Imagine if somebody who didn’t know any better tried to figure out who Jesus is on the basis of what Jesus’ followers do and the things that seem important to us. Imagine if they sat in on a few church council meetings, attended a few worship services, joined a couple of committees. Imagine if they took a peek at our budgets. Pretty quickly they might jump to the conclusion that Jesus came to start a church.
It’s not all we do, of course. But we Christians do tend to spend a lot of our time, energy and money keeping the institution afloat. The way we do church together today is very expensive. And I’m not saying it’s wrong. Buildings give us a place to celebrate and mourn, to worship and learn. Buildings give us a space to share with our neighbors and a place to have potluck suppers.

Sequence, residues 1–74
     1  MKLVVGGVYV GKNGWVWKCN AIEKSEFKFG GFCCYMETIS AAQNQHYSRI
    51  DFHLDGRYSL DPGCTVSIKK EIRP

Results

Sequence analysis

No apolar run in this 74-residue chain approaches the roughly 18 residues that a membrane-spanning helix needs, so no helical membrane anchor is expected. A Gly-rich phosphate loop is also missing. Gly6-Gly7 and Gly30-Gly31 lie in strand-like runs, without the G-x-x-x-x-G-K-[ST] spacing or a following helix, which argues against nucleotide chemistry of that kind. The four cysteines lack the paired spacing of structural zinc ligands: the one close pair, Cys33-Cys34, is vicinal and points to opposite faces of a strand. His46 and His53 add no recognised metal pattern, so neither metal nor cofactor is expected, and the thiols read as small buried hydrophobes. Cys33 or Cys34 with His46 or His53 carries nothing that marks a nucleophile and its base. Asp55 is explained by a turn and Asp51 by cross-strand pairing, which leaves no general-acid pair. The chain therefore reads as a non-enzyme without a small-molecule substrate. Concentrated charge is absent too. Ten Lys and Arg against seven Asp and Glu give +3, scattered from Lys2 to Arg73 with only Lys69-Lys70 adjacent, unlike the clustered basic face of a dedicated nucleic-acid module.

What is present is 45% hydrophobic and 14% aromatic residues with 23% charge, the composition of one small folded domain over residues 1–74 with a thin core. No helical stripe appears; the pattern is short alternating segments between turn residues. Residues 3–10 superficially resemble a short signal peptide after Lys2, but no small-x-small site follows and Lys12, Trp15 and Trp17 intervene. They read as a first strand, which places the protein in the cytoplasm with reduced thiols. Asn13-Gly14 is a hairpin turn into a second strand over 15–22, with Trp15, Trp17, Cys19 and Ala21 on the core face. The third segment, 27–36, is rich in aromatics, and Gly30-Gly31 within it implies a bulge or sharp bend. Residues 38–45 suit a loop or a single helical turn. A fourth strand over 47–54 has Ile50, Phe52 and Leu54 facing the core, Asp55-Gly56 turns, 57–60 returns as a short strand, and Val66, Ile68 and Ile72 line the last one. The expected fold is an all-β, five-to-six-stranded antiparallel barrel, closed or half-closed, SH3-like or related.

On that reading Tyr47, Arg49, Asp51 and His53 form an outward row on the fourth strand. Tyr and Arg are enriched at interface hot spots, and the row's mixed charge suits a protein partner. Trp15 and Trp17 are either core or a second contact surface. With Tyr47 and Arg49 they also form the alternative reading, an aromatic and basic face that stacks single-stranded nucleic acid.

It does seem that, in more and more places, it takes more and more effort to keep it all going. It’s no wonder confusion sometimes sets in and even we find ourselves thinking that “the church” is the most important thing. But Jesus did not come to start a church.
Tomorrow: The mission
Today we remember Lawrence, deacon, martyr, d. 258. This message was adapted from “Act Boldly for Mission” by Kelly Fryer that appeared in the July/August 2007 issue of Lutheran Woman Today (now Gather) magazin